Across Australia’s arid zones feral cats are utilising micro-refuges, like rabbit burrows, to help them persist in areas that are otherwise unsuitable.
A feral cat eradication program is underway on Kangaroo Island. Conservation managers want to know if poison baiting is suitable for densely vegetated and inaccessible areas characteristic of most of the island’s conservation reserves.
Beloved companion animal and decimator of native wildlife – that is Australia’s cat conundrum. Australia and Antarctica are the only continents without native felids. Our wildlife has evolved over millennia without defences against these supreme hunters.
Working with many collaborators, researchers from the hub have now completed a set of national-scale studies that tally the number of cats in Australia and the number of animals that they kill.
A partnership is investigating the relationships between small native mammals, cats, habitat and fire on the Tiwi islands while rangers utilise traditional cool burning strategies, to reduce bushfires and maintain habitat that helps mammals avoid cats.
Rabbits and feral cats are individually two of the most widespread and destructive pest species in Australia. When rabbit numbers are abundant they also boost feral cat populations. As a result, over the long-term, rabbit bio-controls can be effective in reducing both rabbit and feral cat populations. But what happens when rabbit numbers first crash; do cats prey-switch and create a bigger threat than usual for native wildlife?
A hub collaboration with Parks Australia is investigating the potential outcomes of cat control on Christmas Island, including whether rats will need concurrent control.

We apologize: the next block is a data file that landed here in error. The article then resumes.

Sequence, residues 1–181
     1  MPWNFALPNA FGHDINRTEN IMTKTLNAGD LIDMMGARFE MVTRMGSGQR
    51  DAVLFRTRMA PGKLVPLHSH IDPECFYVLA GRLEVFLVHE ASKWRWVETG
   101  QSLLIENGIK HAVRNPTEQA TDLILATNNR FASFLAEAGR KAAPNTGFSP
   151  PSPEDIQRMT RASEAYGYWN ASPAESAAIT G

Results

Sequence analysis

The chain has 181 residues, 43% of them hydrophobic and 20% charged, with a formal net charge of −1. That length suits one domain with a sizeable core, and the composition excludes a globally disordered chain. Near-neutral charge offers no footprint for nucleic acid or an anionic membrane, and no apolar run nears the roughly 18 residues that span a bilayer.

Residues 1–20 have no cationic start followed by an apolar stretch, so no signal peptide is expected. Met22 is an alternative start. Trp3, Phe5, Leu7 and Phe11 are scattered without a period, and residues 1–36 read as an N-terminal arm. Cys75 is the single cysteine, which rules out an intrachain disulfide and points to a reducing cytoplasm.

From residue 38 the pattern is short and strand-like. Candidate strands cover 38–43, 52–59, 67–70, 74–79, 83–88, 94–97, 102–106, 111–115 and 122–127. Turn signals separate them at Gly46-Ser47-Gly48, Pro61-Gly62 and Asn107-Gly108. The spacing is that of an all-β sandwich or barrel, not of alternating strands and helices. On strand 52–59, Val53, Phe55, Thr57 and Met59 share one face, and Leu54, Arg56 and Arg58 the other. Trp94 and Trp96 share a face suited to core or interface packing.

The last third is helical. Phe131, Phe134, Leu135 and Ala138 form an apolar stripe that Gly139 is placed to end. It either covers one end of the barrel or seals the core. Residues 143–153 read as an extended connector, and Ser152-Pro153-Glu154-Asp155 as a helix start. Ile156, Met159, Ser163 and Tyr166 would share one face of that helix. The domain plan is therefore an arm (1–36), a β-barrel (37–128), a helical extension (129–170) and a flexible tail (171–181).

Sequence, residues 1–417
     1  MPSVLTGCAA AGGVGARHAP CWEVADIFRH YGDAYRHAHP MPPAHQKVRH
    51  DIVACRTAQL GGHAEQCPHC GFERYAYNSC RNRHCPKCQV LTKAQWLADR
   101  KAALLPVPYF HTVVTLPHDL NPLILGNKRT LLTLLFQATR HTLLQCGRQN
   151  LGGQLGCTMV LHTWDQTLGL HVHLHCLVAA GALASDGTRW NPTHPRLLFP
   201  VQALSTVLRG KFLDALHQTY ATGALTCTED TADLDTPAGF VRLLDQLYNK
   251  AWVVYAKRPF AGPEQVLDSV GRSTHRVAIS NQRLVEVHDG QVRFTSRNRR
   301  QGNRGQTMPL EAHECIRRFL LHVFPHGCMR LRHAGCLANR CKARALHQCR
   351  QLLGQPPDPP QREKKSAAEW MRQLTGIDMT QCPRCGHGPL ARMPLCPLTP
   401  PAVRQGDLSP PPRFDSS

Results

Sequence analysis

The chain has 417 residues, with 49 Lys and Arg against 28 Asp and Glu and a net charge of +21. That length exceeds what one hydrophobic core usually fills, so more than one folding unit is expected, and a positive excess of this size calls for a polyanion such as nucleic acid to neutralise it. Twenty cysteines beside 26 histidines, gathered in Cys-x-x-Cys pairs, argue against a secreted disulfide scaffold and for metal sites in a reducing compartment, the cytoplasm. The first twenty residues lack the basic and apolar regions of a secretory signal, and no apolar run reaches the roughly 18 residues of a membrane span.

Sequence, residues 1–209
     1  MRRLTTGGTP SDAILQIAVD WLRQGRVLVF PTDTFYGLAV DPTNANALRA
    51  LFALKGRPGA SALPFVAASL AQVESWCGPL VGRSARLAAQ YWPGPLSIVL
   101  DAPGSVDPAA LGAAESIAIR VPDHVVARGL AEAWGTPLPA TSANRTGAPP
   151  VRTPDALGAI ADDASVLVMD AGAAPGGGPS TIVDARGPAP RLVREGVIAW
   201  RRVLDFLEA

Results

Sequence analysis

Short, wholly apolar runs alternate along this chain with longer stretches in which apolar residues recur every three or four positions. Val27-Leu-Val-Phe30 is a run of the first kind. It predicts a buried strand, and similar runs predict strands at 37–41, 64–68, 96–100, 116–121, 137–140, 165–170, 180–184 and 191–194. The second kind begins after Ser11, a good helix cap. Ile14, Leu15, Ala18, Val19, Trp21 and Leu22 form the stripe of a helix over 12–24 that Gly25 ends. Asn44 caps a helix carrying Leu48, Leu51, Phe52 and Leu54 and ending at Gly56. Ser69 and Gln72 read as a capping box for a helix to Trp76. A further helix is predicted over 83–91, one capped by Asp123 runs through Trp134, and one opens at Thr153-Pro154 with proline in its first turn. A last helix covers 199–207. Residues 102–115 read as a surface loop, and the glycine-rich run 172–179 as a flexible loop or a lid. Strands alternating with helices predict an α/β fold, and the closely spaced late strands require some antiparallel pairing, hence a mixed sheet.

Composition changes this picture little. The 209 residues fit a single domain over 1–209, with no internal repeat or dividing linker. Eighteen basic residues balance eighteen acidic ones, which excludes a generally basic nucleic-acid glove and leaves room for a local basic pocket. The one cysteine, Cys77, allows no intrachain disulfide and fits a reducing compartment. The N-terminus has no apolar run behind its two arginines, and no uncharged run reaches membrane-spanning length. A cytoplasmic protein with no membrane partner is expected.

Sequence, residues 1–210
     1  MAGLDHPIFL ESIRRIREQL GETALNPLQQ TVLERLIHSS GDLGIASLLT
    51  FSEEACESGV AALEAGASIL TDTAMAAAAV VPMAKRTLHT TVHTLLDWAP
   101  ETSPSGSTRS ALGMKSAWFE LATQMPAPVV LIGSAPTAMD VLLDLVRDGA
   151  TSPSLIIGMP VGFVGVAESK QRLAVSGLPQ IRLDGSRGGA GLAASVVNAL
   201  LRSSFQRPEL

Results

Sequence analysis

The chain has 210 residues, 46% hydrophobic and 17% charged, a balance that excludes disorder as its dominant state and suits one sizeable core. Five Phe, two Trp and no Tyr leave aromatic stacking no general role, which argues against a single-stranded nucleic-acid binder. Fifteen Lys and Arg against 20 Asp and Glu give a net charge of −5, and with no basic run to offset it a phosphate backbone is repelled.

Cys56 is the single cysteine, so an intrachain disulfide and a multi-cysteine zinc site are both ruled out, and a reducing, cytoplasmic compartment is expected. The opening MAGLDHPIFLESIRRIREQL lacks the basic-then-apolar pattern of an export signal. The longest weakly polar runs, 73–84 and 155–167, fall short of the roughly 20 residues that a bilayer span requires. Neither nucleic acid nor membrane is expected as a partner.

A national photo competition is drawing attention to the beauty of Australia’s iconic eucalypts, also called gum trees, as an Australia-wide assessment finds almost one quarter qualify as threatened according to International criteria. The competition, which has received over 1000 entries, was undertaken by the Threatened Species Recovery Hub and is receiving support from Australian Geographic.
With other concerned conservation biologists, researchers from the Threatened Species Recovery Hub have developed a ‘blueprint’ for management responses to the 2019-20 wildfires. This report can be downloaded from our website.
We express our sympathy to everyone whose life has been impacted by these horrific fires, and acknowledges the heartbreak of families who have lost everything, including loved ones.
A hub project is working to better understand the effects of different fire regimes on threatened flora in order to improve fire management strategies and conservation outcomes.
Almost a quarter of Australia’s possums and gliders are listed as threatened under Australian environmental law, and many more are showing signs of decline. Dr Rochelle Steven from The University of Queensland believes people in the community can do a lot to support conservation, especially in urban areas.
The detection and monitoring of threatened species have been a strong area of research in the National Environmental Science Program. Hub Director Professor Brendan Wintle takes a look at why it is so important to the conservation of Australia’s threatened species.
A hub project team is working closely with Parks Australia to help secure a future for the two Extinct in the Wild Christmas Island reptiles lizards beyond captivity.
A partnership with the Queensland Herbarium and Queensland Department of Environment and Science is modelling the habitat of two rare and threatened antechinus species to predict where they are likely to occur, and is then using detection dogs to rapidly survey these sites.
Nyamba Buru Yawuru, whose traditional lands cover 5300sq km of subtropical coastal and inland savannah country around Broome in Western Australia, are exploring opportunities to develop a predator-free wildlife sanctuary on their country.